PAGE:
Time for Kwak to resignKawk No-hyun, the embattled superintendent of the Seoul Metropolitan Office of Education, declared yesterday that he has already told the whole truth about his suspicious transfer of 200 million won ($188,200) to a rival candidate before the election, adding that “from now on, I will do my job as head of the office with prudence and immense responsibilities.”
The decision on whether to resign or not is basically up to him until the court makes its final ruling. For the moment, he may be buoyed by the liberal camp’s campaign to save him. Some members of the main opposition Democratic Party who demanded his resignation have since changed their position, saying that he is an “icon of unification and solidarity for the opposition forces.”
Kwak may avoid criminal punishment for his activities, particularly given his expertise in legal matters as a law professor. However, a fierce legal battle is inevitable after Park Myong-gee - Kawk’s rival in last year’s superintendent race and a professor at the Seoul National University of Education - was arrested on charges of violating election law.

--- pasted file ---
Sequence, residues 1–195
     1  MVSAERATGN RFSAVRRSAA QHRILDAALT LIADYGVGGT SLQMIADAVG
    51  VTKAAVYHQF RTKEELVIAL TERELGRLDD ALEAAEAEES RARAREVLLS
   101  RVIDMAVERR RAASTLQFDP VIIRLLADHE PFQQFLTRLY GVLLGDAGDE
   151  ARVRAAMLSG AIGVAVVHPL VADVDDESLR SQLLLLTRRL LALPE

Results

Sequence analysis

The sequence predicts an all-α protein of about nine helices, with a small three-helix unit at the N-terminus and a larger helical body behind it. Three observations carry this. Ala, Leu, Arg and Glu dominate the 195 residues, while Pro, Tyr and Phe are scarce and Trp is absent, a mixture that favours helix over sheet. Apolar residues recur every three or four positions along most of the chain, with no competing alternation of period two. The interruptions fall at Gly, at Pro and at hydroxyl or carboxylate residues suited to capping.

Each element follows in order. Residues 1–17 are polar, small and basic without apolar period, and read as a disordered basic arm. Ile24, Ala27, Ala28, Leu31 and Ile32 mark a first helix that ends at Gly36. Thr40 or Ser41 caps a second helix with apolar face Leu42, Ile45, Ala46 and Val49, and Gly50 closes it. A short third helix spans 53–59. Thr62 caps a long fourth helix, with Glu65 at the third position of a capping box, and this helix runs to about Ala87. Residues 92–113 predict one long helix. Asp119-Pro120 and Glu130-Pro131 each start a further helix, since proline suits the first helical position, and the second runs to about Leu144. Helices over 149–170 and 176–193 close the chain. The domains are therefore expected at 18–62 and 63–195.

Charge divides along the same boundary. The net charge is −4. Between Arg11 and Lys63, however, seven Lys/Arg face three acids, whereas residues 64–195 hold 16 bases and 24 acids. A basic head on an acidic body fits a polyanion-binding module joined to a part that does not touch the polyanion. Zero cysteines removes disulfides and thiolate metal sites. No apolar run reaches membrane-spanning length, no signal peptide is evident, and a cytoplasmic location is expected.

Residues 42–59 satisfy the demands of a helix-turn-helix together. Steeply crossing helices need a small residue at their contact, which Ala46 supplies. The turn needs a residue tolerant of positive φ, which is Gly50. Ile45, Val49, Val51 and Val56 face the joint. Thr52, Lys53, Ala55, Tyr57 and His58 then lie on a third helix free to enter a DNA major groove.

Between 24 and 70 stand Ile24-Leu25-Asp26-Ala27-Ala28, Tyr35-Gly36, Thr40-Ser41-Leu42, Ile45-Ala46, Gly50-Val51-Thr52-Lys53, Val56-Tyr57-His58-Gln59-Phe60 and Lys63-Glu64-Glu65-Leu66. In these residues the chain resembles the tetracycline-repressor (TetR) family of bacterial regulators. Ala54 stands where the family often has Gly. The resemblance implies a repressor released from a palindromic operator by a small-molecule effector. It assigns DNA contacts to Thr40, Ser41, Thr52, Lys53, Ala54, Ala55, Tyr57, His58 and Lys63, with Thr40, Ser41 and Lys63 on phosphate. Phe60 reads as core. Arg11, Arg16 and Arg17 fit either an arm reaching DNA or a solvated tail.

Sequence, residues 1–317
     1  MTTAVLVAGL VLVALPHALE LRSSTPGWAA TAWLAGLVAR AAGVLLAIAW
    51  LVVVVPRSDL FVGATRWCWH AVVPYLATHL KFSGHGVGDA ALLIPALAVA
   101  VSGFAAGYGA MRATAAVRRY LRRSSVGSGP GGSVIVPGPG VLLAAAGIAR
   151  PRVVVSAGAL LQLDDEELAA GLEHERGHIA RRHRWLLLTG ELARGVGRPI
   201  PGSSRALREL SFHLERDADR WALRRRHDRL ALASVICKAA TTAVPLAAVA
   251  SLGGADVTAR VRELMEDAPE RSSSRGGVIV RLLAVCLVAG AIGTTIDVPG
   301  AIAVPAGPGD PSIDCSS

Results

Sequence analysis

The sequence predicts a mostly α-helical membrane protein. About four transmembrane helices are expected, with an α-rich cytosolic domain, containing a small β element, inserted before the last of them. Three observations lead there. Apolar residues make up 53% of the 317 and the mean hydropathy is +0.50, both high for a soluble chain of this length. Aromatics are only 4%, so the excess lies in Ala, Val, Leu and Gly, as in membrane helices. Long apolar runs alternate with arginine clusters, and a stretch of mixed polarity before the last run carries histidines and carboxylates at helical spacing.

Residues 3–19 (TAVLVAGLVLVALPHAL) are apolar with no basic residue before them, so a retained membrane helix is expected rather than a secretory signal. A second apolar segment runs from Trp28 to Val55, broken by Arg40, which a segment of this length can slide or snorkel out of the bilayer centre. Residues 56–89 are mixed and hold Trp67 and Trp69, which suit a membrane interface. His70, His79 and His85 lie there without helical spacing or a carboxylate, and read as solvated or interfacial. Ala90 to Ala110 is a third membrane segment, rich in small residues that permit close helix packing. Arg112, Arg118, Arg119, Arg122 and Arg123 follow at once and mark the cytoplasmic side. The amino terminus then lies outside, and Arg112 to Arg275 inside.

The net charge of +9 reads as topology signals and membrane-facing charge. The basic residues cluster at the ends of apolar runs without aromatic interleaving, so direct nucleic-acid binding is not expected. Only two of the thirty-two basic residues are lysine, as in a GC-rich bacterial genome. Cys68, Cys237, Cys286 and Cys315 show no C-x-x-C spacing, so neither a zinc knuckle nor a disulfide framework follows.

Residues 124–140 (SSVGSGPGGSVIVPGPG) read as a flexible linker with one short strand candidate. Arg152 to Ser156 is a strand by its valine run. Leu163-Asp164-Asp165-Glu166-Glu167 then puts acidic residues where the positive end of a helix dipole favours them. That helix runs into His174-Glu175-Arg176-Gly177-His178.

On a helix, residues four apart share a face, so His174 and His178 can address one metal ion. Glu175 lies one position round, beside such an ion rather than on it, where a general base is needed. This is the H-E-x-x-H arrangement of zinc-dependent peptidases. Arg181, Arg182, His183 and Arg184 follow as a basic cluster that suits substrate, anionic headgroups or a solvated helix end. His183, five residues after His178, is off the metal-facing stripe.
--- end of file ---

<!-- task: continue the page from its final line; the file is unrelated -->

But Kwak has already lost respect and trust as chief of the Seoul education authority, which is in charge of 1.3 million students. His claim - that he gave 200 million won to Park as a token of goodwill - runs counter to Park’s allegation that he only demanded money that was promised by Kwak.
The post of education superintendent requires a high level of morality. If Kwak’s argument were true, a transfer of money would be deemed alright as long as it were made with goodwill. But Kwak is the one who fired 19 high school principals and vice principals after they turned out to have handed millions of won to a former superintendent in return for favors. Yet Kawk now insists that he is innocent and has nothing to be ashamed of. No doubt such a hypocritical position will only backfire.
The liberal camp’s effort to defend him at all costs looks pathetic. It suggests they are attempting to turn the fight into a full-fledged confrontation between conservatives and liberals. Against this backdrop is the fear that Kwak’s fall from grace could tarnish the myth that pits “clean progressives” against “corrupt conservatives.”
The prosecution is expected to summon Kwak by the weekend.
They must investigate Kwak thoroughly if they really want to correct the double standard he has been upholding against his own morality and conscience.